Our GT2 tester came with well-bolstered seats upholstered in a deep red Nappa leather. There is plenty of comfort to be had, but it is also supportive when doing more spirited journeys. Both the driver and front passenger seat have power rake, height, and recline adjustments, plus lumbar and seatback bolster adjustments as well. The rear seats are also upholstered in the same red Nappa leather and offer plenty of comfort. Legroom is great, but taller people will have to watch their heads as it will rest where the roofline starts sloping rearward.
The hatchback opens up to a cargo space that is expandable to 23.3 cubic feet. The rear seats fold down in a 60/40 split. The space behind the rear seat is long, but not deep.
Stinger models offer two choices in engine performance. Standard is a new 2.0-liter turbocharged four-cylinder engine with 255 horsepower. Choosing any of the three GT models will upgrade you to a twin-turbocharger 3.3-liter V6 engine with 365 horsepower. Either engine is connected to an eight-speed automatic transmission sending power initially to the rear wheels. Our tester had the available all-wheel-drive system.
Needless to say, our Stinger GT2 AWD tester is very quick. It is also quite fast. The reason to buy a Stinger GT over the four-cylinder model is performance that has never been seen on a Kia—ever. And it is quite refreshing! However, we did observe an average for fuel economy of 22.7 MPG.
Being quick and fast means optimal vehicle control. The Stinger exhibits that with sharp reflexes and confidence through the curves. The handling is pretty darn good. The suspension setup is on the firm side, you can track-ready firmness in Sport mode. On the highway, there is plenty of feedback from the suspension system into the car, but it also has a high degree of control that enables the system to absorb road imperfections the best it can. We also like the grip from the Michelin Pilot Sport 4 tires shod on our tester.
Steering feel is superb with equally sharp reflexes from the wheel. On-center feel is good in all modes, which helps in maintaining control on turns and on the Interstate. Brakes are superb with excellent pedal feel and response. We found the Stinger to stop well in normal and panic situations.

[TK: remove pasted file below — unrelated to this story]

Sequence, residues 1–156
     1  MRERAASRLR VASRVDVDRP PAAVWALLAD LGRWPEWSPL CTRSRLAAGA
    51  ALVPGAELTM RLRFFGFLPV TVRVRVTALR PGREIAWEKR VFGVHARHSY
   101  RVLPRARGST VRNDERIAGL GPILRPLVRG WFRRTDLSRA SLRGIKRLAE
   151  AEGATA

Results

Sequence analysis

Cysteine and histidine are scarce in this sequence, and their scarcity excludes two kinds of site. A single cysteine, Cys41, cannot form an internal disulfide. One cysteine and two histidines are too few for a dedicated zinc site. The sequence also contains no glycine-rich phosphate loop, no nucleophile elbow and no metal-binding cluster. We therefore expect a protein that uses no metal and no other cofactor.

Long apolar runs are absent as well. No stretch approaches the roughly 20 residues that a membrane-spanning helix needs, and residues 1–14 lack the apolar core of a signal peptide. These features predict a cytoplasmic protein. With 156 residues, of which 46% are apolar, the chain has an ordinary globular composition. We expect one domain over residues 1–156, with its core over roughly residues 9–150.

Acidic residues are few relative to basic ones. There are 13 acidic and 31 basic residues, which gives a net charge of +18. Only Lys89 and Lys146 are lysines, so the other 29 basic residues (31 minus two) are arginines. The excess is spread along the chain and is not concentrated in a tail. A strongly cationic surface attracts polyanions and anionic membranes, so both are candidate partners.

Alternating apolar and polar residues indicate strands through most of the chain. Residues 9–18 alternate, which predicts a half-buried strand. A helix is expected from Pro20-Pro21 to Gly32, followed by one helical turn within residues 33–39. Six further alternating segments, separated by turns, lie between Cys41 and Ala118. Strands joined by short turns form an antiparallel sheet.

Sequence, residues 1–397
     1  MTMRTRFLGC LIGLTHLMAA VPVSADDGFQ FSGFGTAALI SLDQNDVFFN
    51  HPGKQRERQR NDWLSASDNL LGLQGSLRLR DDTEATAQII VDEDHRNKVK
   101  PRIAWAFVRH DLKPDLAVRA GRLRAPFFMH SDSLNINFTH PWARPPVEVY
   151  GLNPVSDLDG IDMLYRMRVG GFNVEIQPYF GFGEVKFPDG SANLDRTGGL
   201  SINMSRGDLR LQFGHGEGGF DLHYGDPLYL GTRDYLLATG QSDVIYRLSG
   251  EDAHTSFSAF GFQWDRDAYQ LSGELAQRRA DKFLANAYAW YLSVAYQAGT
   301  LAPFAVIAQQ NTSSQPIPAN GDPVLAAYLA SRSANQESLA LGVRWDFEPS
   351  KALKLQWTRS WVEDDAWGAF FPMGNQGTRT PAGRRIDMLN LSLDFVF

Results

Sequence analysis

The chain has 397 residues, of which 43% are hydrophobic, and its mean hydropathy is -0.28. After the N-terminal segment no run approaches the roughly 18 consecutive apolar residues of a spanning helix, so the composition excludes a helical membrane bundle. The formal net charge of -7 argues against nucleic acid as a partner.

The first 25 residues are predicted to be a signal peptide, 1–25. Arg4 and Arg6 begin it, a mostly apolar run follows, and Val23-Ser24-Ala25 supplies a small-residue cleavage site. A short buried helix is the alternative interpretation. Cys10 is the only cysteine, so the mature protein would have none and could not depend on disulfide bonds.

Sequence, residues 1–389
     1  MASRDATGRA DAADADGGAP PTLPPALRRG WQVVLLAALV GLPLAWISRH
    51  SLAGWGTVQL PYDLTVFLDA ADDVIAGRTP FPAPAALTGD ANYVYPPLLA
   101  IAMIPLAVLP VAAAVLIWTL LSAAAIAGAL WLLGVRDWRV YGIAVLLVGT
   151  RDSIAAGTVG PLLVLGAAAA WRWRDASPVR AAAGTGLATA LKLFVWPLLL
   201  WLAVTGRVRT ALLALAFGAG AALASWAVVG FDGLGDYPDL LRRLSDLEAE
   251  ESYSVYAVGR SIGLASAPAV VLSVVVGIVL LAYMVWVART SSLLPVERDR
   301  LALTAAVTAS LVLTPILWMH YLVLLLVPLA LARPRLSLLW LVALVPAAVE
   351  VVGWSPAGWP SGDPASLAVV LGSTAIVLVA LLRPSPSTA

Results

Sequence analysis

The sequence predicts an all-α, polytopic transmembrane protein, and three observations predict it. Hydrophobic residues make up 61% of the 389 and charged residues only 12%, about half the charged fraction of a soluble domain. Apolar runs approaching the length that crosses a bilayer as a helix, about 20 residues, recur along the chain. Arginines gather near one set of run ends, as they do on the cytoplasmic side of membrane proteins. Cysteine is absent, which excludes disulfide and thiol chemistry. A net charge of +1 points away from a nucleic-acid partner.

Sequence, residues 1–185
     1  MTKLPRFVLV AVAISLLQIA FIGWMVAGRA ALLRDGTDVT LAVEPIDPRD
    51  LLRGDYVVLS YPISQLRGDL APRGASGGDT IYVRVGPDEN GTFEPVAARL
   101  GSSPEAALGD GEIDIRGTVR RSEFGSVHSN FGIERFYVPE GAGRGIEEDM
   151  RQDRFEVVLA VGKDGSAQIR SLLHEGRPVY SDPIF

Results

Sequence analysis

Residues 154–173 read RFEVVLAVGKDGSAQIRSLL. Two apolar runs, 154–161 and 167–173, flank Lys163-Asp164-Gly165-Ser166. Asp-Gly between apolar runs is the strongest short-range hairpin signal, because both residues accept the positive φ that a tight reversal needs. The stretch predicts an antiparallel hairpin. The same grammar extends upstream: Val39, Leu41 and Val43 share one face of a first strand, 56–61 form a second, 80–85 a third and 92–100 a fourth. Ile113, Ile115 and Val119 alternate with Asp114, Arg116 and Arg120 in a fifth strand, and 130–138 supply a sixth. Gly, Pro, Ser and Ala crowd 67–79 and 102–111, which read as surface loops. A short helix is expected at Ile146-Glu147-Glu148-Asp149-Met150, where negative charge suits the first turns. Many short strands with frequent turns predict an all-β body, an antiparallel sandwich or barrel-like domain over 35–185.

Selecting the GT2 adds a suite of driver assistance features that work extremely well and will come in handy. These driver assistance features include front and rear Parking Distance Warning, Blind Spot Collision Warning with Lane Change Assist, Rear Cross Traffic Collision Warning, Forward Collision Avoidance Assist with Pedestrian Detection, Forward Collision Warning System, Advanced Smart Cruise Control with Stop and Go, Lane Departure Warning System, Lane Keep Assist System, and Driver Attention Warning.
You can get the new Kia Stinger starting from $31,900 for a four-cylinder, rear-drive model that is far from basic in equipment content. Our GT2 AWD tester resides at the top end of the lineup, with a sticker price of $52,300 as tested.
If you do not pay attention to the badge on the front end, rear end, and the steering wheel, the Kia Stinger is a superb premium sports hatchback. It makes no apologies for the way it looks, or the way it drives. It is a great car for those looking for something different that is beyond just being sporty: select the right model, and your pulse is immediately quickened.
As for matching up the buzz the Kia Stinger garnered, when you drive around and people crane their necks in its direction, we can confirm that the hype is real. So is the badge. To every Soul, Forte, Sportage, Sorento, and Optima owner: you now have got a Kia that will fly your flag proudly.